The ongoing meteoric rise of influencer marketing raised questions about consumer protection and the need for clear disclosure rules.
So, naturally, the FTC decided to look for influencers in their natural element:Influencer Disclosure FTC Twitter!
As everyone knows Twitter, with its 140 character limit, is the best possible platform to communicate well-crafted policies and answer pointed technical questions …

That is if you can be bothered to answer at all!
On September 20, the FTC (Federal Trade Commission) held an informal advice session on Twitter aimed at answering influencers’ question about the applicable disclosure for the products they promote.

Five days later, some of the questions asked by participants are still unanswered…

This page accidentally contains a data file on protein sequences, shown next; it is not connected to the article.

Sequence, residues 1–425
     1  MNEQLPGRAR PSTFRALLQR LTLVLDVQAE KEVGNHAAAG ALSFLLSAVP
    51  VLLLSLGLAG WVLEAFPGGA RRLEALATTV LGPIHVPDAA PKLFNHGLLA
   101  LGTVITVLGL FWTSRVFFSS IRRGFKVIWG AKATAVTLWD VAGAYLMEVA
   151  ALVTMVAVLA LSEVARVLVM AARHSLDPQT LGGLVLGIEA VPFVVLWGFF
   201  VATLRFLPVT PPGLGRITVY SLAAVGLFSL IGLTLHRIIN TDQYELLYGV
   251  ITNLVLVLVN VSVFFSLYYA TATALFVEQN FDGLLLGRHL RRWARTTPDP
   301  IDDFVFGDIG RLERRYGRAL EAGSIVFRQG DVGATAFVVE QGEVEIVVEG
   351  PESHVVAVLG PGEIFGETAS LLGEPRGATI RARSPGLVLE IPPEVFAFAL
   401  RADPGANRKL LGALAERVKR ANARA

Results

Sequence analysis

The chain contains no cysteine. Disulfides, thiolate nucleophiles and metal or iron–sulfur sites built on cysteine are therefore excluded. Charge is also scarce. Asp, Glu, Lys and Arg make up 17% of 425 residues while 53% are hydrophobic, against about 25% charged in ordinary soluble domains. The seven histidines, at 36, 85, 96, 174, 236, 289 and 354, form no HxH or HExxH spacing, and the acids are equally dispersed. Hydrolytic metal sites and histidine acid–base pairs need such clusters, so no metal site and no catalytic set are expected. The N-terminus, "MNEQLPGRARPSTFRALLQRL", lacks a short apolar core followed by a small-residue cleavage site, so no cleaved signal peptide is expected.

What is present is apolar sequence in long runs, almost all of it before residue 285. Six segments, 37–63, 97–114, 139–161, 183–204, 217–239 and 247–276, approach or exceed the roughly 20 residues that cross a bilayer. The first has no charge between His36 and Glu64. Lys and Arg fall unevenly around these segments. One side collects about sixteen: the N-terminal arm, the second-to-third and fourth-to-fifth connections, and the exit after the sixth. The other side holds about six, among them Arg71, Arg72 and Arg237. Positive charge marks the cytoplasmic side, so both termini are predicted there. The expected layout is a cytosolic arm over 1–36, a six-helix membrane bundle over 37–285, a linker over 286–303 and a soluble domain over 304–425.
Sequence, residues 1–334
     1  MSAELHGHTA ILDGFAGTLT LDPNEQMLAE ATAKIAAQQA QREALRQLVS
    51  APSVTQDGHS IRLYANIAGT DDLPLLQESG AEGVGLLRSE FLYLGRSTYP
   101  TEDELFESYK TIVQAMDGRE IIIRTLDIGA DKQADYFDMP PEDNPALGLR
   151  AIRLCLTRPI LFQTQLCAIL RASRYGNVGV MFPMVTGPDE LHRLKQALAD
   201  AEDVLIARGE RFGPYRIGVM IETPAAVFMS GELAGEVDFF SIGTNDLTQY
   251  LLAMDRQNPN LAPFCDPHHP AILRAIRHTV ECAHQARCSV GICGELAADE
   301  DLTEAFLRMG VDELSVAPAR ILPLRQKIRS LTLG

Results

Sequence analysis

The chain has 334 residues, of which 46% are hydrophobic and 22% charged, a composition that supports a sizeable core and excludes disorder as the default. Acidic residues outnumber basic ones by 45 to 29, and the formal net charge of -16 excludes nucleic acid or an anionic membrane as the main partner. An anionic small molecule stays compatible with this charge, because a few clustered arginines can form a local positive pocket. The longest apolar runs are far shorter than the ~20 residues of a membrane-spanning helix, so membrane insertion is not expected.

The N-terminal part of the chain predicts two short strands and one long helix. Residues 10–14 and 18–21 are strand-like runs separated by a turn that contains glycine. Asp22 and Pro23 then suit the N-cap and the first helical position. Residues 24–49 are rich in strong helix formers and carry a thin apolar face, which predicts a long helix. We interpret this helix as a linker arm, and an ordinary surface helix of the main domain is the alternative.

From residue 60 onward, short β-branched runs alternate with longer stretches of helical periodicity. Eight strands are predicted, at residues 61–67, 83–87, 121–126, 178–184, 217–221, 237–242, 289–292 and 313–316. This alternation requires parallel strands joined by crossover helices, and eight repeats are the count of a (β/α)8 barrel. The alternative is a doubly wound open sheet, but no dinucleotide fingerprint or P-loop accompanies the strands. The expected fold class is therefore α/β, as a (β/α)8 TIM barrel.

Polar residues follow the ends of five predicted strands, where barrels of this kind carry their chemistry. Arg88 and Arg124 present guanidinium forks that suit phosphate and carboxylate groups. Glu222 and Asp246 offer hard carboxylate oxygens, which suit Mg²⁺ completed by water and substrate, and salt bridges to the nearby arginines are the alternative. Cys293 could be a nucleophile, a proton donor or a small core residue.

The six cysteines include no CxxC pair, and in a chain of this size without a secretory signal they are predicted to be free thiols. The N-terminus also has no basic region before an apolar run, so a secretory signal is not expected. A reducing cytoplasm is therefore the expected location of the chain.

However, the day after the session, the FTC realized that their mastery of Twitter communication might have led to some confusion with their readers. So, helpfully, they posted this Tweet that leads to no thread

It seems that they then understood the absence of thread, so they helpfully neglected to erase the misleading tweet before proceeding to post the following salvo

It seems that, rather than attempting to give lessons to influencers, the FTC would do well taking some from them. Including about how to structure their website guidance page about endorsements in which one needs to get utterly lost in a stream of randomly listed FAQs in the vain hope to find a clear answer to their query.

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